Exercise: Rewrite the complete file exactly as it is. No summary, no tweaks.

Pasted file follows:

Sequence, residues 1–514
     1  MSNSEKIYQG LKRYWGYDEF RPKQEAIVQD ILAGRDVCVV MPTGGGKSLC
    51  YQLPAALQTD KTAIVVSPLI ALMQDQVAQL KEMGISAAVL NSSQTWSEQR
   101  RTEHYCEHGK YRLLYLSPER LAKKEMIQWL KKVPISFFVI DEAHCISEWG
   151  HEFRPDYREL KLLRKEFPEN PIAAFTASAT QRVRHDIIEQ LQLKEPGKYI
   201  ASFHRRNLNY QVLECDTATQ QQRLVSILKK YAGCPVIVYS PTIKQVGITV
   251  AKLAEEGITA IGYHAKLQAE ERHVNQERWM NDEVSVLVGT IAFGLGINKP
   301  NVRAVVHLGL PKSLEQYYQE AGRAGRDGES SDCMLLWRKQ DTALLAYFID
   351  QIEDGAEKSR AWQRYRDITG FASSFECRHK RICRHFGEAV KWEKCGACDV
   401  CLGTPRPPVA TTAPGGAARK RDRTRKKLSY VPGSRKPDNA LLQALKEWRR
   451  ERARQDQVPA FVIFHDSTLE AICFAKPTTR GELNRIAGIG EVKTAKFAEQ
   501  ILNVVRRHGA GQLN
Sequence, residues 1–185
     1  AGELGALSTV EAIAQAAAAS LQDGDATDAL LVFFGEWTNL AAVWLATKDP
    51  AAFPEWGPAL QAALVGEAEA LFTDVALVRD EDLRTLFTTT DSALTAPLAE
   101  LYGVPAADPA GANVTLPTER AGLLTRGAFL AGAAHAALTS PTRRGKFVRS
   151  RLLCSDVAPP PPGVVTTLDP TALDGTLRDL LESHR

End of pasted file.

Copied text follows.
Sequence, residues 1–514
     1  MSNSEKIYQG LKRYWGYDEF RPKQEAIVQD ILAGRDVCVV MPTGGGKSLC
    51  YQLPAALQTD KTAIVVSPLI ALMQDQVAQL KEMGISAAVL NSSQTWSEQR
   101  RTEHYCEHGK YRLLYLSPER LAKKEMIQWL KKVPISFFVI DEAHCISEWG
   151  HEFRPDYREL KLLRKEFPEN PIAAFTASAT QRVRHDIIEQ LQLKEPGKYI
   201  ASFHRRNLNY QVLECDTATQ QQRLVSILKK YAGCPVIVYS PTIKQVGITV
   251  AKLAEEGITA IGYHAKLQAE ERHVNQERWM NDEVSVLVGT IAFGLGINKP
   301  NVRAVVHLGL PKSLEQYYQE AGRAGRDGES SDCMLLWRKQ DTALLAYFID
   351  QIEDGAEKSR AWQRYRDITG FASSFECRHK RICRHFGEAV KWEKCGACDV
   401  CLGTPRPPVA TTAPGGAARK RDRTRKKLSY VPGSRKPDNA LLQALKEWRR
   451  ERARQDQVPA FVIFHDSTLE AICFAKPTTR GELNRIAGIG EVKTAKFAEQ
   501  ILNVVRRHGA GQLN
Sequence, residues 1–185
     1  AGELGALSTV EAIAQAAAAS LQDGDATDAL LVFFGEWTNL AAVWLATKDP
    51  AAFPEWGPAL QAALVGEAEA LFTDVALVRD EDLRTLFTTT DSALTAPLAE
   101  LYGVPAADPA GANVTLPTER AGLLTRGAFL AGAAHAALTS PTRRGKFVRS
   151  RLLCSDVAPP PPGVVTTLDP TALDGTLRDL LESHR